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Client success comes down to not only their commitment, but the expertise of their professional. Acne can be a difficult skin condition to get under control even for licensed professionals, especially when you have not been able to dedicate time to studying it. Clients are becoming increasingly savvy about their own skin and acne, but they are not always looking in the right places. Many take to social media platforms like Tik Tok to get skincare advice from influencers who are using a plethora of different products and prescriptions that they claim helped clear their skin. As we know, influencers are just that: influential. If clients see this kind of content, they may believe that those products will clear their skin too.
The key is to educate yourself and your clients on what acne really is and how we, as licensed skincare professionals, can help them manage their acne long-term. The real reason your clients have acne is a process called Retention Hyperkeratosis. A normal, healthy pore sheds about one layer of dead skin cells per day, the body has no difficulty keeping up with that rate of skin cell shedding. When someone is suffering from Retention Hyperkeratosis, their pores are shedding five times the normal rate and the body cannot keep up. This excess shedding of skin cells coupled with the oily, waxy nature of sebum creates the microcomedone, the beginning of all acne lesions.
There are certainly exacerbating factors that can influence Retention Hyperkeratosis and breakouts. Main factors include an inflammatory diet, hormone fluctuations, and pore clogging ingredients. Lessening the effect of these exacerbating factors through conscious lifestyle changes is extremely helpful for those who experience acne, but the cause of acne itself is unavoidable. Retention Hyperkeratosis is a hereditary disorder of the pore so regardless of lifestyle, microcomedones will continue to form.
Now that we know that Retention Hyperkeratosis is the culprit behind acne, let’s discuss how to control it. Acne cannot be cured, so we must educate our clients on their skincare routine and lifestyle choices so that they can continue to keep their acne in check. One very tried and true ingredient for this is benzoyl peroxide. Benzoyl Peroxide acts as a preventative product in an acne home care regimen. It oxygenates the pore, killing any bacteria present and exfoliates away that build-up of dead skin cells. Essentially, it halts the formation of the microcomedone. As great as benzoyl peroxide is, it cannot do it all alone.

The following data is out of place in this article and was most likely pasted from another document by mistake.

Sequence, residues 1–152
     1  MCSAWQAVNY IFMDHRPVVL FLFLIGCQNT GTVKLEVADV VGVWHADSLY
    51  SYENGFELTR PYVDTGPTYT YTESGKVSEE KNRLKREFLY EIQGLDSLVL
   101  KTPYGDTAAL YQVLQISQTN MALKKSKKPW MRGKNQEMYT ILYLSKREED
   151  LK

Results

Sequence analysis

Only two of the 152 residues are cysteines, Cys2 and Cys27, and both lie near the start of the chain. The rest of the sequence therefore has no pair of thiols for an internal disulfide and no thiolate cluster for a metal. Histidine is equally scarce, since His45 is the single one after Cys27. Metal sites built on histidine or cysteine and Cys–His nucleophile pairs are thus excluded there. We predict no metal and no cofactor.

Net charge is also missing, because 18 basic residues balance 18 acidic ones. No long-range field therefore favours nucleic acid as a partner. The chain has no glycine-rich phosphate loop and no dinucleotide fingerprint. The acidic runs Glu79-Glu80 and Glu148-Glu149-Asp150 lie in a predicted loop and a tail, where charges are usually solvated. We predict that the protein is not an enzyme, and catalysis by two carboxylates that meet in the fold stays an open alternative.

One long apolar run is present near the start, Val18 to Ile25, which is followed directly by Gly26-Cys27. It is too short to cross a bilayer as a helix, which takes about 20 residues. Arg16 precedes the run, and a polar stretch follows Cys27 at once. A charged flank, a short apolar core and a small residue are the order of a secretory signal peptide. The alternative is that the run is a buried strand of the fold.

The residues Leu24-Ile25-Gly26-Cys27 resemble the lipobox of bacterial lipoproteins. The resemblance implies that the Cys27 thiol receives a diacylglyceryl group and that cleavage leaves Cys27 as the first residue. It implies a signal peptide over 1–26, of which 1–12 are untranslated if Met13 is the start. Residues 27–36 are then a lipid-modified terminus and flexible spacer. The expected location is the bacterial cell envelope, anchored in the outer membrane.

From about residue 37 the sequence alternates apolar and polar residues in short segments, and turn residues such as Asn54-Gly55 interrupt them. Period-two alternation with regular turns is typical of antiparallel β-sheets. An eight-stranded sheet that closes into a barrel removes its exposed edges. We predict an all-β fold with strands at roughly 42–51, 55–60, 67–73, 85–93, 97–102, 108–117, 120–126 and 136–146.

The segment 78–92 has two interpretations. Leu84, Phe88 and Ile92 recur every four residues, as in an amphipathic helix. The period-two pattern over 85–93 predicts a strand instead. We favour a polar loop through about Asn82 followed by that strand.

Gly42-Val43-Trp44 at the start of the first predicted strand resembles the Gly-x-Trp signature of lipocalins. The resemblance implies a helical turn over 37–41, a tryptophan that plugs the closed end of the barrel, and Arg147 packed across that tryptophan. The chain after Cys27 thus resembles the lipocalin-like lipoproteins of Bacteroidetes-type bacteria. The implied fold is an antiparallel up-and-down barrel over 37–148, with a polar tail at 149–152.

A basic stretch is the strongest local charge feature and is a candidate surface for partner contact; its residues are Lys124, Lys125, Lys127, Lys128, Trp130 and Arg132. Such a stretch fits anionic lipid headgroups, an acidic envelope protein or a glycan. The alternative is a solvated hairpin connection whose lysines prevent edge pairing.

Another amazing acne-fighting ingredient is l-mandelic acid. This alpha hydroxy acid is anti-inflammatory, anti-fungal, anti-bacterial, exfoliating, and brightening. Not only will this help to heal and improve acne, but it can also be used to combat acne imposters such as Malasezzia Folliculitis. Together, l-mandelic acid and benzoyl peroxide help to prevent, correct, and soothe acne prone skin. When working with active ingredients such as these, it is also extremely important that clients are properly hydrating and moisturizing their skin. An impaired barrier can lead to breakouts and unnecessary discomfort.
Many times, when clients are treating their acne with harsh OTC products, they are trying to “dry out” their acne lesions thinking this will clear their skin—which is the opposite of what anyone should do with acne. Treating acne is about creating balance that is lacking in the skin. Ingredients like salicylic acid, benzoyl peroxide, and l-mandelic acid should not be used without accompanying hydrators and moisturizers. Our skin barrier requires a balance of oil and water to remain healthy and to function properly so it can protect us from pollutants, irritants, and so on. When the barrier is impaired, it can lead to skin conditions such as acne, atopic dermatitis, and psoriasis.
Favorable hydrating and moisturizing ingredients to incorporate around these active products are hyaluronic acid, beta-glucan, glycerin, and allantoin. Antioxidants are also important for acne-prone clients, especially if treated with benzoyl peroxide because it is an oxidative product. Green tea extract, syringa vulgaris (lilac stem cells), gluconolactone, and mushroom extract are among the most helpful. All these ingredients can be found in the form of serums, gels, creams, etc.
Whether you have been licensed for years or are just graduating from your esthetics program, continuing education will always be important for your career. Treating acne is not a one size fits all process and it takes dedication, from us and our clients. There is so much to learn about acne and how to treat it, more than what can be shared in esthetic school curriculum. If you are interested in helping those dealing with acne, find a credible source to provide that knowledge and training for you.
Alex Hernandez, LE Education Manager of Face Reality Skincare
Face Reality Skincare